Gov. Corbett's latest gift: A Bunch of baloney
No matter how thin you slice it, it's still baloney. -Alfred Emanuel Smith, 4-term Governor of New York
Gov. Corbett's latest gift: A Bunch of baloney
No matter how thin you slice it, it's still baloney.
-Alfred Emanuel Smith, 4-term Governor of New York
The baloney served to you this week came in the form of a complaint filed this week by the Pennsylvania Democratic Party to the State Ethics Commission – all based upon a fishing expedition launched by Philadelphia Daily News reporter Will Bunch.
Bunch’s report, based upon properly filed state disclosure reports by Tom Corbett, found that the governor and his wife received $11,343 in gifts during 2010-2011. That’s right -- $11,343 in gifts. We will get back to that number shortly.
Other than the PA Democratic Party, no one has formally contested the legality of those gifts. To date, no one is claiming that there may have been any undeclared gifts.
I went on a fishing expedition of my own to see how Republicans – friends and foes – felt about Corbett’s gifts.
Reached at his home, former State Rep. Sam Rohrer, Corbett’s 2010 primary opponent, politely declined to comment. So did anticipated 2014 Corbett primary challenger, Bruce Castor.
But Barry Kauffman, Executive Director of Common Cause/Pennsylvania, who was interviewed in the Daily News story, was not so shy about leveling his criticism at Corbett. “The buck stops at the top,” Kauffman told me.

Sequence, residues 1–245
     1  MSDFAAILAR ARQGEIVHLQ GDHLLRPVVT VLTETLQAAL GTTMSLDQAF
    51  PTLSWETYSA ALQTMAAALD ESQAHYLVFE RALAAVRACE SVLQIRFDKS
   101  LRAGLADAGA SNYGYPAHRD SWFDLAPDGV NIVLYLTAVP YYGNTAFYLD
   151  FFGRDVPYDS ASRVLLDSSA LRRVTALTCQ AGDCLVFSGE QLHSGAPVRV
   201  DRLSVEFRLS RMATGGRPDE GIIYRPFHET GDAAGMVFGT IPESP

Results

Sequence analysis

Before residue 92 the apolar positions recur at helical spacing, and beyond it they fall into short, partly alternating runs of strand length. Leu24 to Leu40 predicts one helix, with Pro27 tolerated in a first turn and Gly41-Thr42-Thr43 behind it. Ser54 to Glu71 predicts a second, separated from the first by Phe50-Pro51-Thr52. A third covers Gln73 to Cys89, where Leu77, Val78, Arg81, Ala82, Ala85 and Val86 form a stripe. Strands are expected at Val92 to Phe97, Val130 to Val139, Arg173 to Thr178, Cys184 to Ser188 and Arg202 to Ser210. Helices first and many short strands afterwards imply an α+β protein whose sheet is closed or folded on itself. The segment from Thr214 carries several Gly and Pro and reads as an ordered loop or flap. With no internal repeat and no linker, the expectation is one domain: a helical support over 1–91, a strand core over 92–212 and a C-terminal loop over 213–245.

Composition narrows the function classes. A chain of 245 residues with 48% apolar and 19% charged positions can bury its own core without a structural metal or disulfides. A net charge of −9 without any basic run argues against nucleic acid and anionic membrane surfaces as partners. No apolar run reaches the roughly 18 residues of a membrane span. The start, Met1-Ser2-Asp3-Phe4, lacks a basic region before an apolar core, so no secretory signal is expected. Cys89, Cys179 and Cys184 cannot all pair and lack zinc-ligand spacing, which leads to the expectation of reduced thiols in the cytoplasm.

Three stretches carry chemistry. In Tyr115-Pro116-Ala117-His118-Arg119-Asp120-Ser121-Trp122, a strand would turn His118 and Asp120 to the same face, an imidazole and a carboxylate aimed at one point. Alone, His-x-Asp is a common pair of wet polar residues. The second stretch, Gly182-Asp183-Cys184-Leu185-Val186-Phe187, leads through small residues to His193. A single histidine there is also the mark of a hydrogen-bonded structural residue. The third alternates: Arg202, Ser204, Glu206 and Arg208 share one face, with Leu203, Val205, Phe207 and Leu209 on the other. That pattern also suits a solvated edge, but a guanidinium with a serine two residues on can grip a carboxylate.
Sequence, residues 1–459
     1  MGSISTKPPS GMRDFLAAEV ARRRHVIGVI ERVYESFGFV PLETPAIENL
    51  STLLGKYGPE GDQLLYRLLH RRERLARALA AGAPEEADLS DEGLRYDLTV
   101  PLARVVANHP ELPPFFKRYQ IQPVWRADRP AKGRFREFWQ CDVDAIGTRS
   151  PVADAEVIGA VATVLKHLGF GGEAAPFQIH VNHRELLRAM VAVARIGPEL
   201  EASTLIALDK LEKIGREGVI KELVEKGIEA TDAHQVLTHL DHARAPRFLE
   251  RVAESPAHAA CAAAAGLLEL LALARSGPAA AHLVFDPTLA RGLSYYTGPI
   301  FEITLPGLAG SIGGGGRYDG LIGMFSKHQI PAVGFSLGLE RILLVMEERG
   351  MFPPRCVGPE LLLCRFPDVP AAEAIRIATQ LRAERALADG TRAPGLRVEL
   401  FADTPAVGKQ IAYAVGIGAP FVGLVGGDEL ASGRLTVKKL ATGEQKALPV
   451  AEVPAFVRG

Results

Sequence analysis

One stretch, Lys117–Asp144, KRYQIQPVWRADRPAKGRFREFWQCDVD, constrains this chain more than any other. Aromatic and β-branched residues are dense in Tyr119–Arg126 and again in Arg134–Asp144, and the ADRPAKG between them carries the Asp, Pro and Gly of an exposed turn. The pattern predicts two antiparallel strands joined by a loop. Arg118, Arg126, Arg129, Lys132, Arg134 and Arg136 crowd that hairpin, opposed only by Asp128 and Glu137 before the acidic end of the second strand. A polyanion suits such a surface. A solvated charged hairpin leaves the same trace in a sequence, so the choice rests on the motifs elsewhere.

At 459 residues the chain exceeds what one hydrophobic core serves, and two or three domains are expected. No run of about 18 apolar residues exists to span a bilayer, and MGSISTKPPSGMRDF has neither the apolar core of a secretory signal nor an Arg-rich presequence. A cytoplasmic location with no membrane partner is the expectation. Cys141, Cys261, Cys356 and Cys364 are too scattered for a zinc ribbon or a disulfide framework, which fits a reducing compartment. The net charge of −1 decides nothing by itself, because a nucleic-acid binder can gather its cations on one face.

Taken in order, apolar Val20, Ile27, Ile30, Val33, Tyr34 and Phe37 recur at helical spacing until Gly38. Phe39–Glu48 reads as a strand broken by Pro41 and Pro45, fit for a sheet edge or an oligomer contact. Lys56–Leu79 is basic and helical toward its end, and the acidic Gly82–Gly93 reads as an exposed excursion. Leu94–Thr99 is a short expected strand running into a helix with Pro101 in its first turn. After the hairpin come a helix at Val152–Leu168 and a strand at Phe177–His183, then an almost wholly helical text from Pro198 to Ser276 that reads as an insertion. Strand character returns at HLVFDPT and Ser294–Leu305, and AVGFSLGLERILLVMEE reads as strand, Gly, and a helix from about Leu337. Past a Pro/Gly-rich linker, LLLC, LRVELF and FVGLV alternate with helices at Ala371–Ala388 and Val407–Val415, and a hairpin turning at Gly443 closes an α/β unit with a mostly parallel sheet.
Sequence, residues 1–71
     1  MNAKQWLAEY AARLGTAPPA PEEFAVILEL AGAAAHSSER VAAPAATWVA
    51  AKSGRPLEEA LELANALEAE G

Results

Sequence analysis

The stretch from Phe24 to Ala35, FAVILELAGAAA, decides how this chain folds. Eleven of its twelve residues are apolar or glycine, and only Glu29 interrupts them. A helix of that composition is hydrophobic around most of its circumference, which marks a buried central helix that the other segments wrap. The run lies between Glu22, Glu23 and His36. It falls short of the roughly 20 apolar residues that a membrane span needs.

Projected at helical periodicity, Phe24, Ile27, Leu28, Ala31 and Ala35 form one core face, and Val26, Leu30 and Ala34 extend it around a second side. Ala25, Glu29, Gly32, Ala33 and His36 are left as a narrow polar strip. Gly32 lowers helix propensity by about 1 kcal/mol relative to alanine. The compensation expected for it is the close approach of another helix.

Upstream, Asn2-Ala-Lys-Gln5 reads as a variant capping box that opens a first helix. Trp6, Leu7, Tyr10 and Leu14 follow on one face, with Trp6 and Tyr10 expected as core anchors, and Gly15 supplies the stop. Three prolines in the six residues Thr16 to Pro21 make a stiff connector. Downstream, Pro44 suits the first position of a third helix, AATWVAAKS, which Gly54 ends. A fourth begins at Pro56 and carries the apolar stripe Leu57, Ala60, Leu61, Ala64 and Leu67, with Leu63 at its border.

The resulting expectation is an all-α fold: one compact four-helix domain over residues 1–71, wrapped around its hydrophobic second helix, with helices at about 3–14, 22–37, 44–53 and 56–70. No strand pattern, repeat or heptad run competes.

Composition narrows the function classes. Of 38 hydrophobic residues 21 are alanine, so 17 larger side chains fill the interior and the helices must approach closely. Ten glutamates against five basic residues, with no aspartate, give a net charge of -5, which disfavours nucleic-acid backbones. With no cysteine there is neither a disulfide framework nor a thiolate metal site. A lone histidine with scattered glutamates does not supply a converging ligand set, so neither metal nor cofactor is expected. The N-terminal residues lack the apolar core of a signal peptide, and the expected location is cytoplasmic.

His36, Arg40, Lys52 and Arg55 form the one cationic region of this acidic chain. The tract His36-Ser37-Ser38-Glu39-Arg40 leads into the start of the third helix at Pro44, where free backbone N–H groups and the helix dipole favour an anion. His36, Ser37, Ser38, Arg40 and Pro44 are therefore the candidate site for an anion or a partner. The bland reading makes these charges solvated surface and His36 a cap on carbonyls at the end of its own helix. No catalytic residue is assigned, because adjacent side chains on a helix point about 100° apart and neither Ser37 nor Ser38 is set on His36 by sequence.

On the flip side, Ana Puig, PA State Director for FreedomWorks, a conservative non-profit organization based in Washington D.C., rushed to Corbett’s defense. "If we don't stop looking for reasons to put down Gov Corbett while finding fault in everything he does and every decision he makes, we will end up with a progressive for Governor in 2014. How about we start mentioning some of Corbett's accomplishments, which have been many, during the past two years instead?"
PA GOP spokeswoman Valerie Caras went right to the heart of Bunch’s report. “Governor Corbett has created one the most open and transparent government in Pennsylvania history and he has remained fully compliant with Pennsylvania law in his disclosures. For Democrats to manipulate Governor Corbett's openness to score political points cheapens the process.”
We’ll talk about the Democrats and some of their past PA governors in a moment.
But Caras’ statement seemed to be the message that most Republicans I contacted expressed.
Steve Welch, who was endorsed for U.S. Senate by Tom Corbett in last year’s Republican primary before eventually losing in a 5 man primary to Tom Smith, had this to say: ”Tom Corbett is the most transparent governor that Pennsylvania has ever seen. We have a governor that wakes up every day, working to make Pennsylvania more business friendly, to create jobs in the commonwealth, to make sure companies that are here stay here, and to make sure new companies start their business in PA,” said Welch, who is active as a founding partner of Dream IT Ventures.